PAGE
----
Review: The Little Shakespeare Festival "Double Bill" Has All the Death By Asp You Could Hope For
Shakespeare's Ladies at Tea or I Thought You'd Never Asp, written by Kathleen Kirk, after William Shakespeare
Shakespeare's Deaths (in 15 Minutes), by the Free Shakespeare Theatre Company Chicago
Directed by Frank Farrell
Presented by First Flight Theatre Company at UNDER St. Marks
94 St. Marks Place, Manhattan, NYC
August 10-19, 2023
|The death of Caesar (Frank Farrell, center). Photo courtesy Emily Owens PR.|
The short play Shakespeare's Ladies at Tea, by Kathleen Kirk, brings together a selection of women characters from Shakespeare's plays in the Boar's Head Tea Room, overseen by the Henriad's Mistress Quickly (Lee DeCecco). Cleaning and setting the Boar's Head in order while the audience waits for the play proper to begin, she opens the dialogue with lines from II Henry IV regarding her having been advised to let "no swaggerers" into her establishment. Quickly, in DeCecco's excellent, spirited performance, returns to this principle throughout the piece–she's not running a tavern, after all; but there is also a gendered undertone to the admonition. Cleopatra (Frank Farrell) is the first (non-swaggering) customer to enter (her servant, Iras [Danielle Ruth], arrives later as well), and she, like the rest of the women, speaks only in existing lines from her respective play. In addition to Cleopatra and Iras, the other women at this get-together are Cressida (Brian Hagerty), Desdemona (a standout Haley Karlich), Lady Macbeth (Adam Muñoz), Portia (Michael Brunetti) and, from the less tragic side, Olivia (Hannah Simpson) and Rosalind (Jennifer Kim). This group, then, includes a couple of characters with happy (as in heteronormative) endings alongside–and outnumbered by–victims of murder and suicide (and heteronormativity). Topics that emerge from the women's conversation include love and lovers; violence (including that suffered by male beloveds) and self-harm; and (the) women's public reputation and representation. The casting is gender-blind, which bolsters the invitation that the show extends by placing familiar lines in new contexts to consider afresh these characters and the issues that they raise. Having Rosalind appear dressed as Ganymede and speak about her disguise and "hidden woman's fear" provides a further such intensification, and applying Olivia's love-struck lines about another woman disguised as a young man to Rosalind cleverly points to similar, repeated instances of gender subversion. At one point, as if in rejection of the trope of the suffering woman, Quickly interrupts Desdemona's (admittedly beautiful) performance of the willow song in a way that produces laughter and dancing among the other characters, the most communal moment among the women during the play. The conclusion, "lame and impotent," according to Desdemona, is less happy but not less funny.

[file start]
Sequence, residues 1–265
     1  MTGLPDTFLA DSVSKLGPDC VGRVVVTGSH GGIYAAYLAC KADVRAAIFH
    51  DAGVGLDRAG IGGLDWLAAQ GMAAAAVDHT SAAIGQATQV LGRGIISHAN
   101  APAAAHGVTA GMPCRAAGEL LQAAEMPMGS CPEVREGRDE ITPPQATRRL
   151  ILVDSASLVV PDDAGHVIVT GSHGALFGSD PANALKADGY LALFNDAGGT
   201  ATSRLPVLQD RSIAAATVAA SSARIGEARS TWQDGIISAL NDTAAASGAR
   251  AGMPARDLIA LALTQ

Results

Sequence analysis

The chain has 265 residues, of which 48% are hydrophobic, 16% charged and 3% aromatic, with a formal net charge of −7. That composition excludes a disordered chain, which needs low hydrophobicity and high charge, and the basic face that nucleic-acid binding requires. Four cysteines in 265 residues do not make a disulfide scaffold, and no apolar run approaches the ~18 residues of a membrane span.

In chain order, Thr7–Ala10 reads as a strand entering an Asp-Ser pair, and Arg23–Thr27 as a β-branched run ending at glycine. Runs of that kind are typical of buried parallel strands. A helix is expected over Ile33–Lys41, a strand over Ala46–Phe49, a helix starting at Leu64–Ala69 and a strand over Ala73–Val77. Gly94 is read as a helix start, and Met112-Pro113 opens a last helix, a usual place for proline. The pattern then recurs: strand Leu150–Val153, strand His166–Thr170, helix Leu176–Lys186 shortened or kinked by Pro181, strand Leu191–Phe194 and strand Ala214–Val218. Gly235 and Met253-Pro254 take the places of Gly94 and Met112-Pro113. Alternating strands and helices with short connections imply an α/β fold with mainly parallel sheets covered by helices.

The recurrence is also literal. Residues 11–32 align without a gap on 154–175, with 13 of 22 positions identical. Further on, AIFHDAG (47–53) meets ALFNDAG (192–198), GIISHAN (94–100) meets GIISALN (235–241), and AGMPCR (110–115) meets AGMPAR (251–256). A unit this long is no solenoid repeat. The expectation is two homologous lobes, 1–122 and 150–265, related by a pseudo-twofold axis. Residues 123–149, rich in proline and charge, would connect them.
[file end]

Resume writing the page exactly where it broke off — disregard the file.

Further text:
The even shorter play Shakespeare's Deaths rounds out the double bill by presenting all of the notable onstage deaths from Shakespeare's plays in rapid succession (don't worry; even King John fans get their moment; more importantly, the fly from Act 3 of Titus Andronicus also gets his due). Prefacing the comic carnage is a segment of "To be or not to be," after which Midsummer's Pyramus and Thisbe kick off the proceedings by melodramatically kicking the bucket. Claudia Egli announces the title of each play from just offstage, so there's no need to re-read your copy of Shakespeare's complete works before the show; and the black-clad cast mime their weapons as the stabbings and throat-cuttings pile up, although there is a prop crown that winkingly marks the transition between III Henry VI and Richard III. While the deaths are played for laughs–Othello's (Frank Farrell) reaction after smothering Desdemona is particularly hilarious–there is a comparable effect to that of Shakespeare's Ladies in juxtaposing pieces of Shakespearean text in new ways; here the change in perspective renders often tragic moments comedic by means of their novel context and in their accumulated excess.
Shakespeare's Ladies at Tea and Shakespeare's Deaths offer a double dose of Shakespearean fun in a little under an hour Just remember: no swaggerers allowed.
-John R. Ziegler and Leah Richards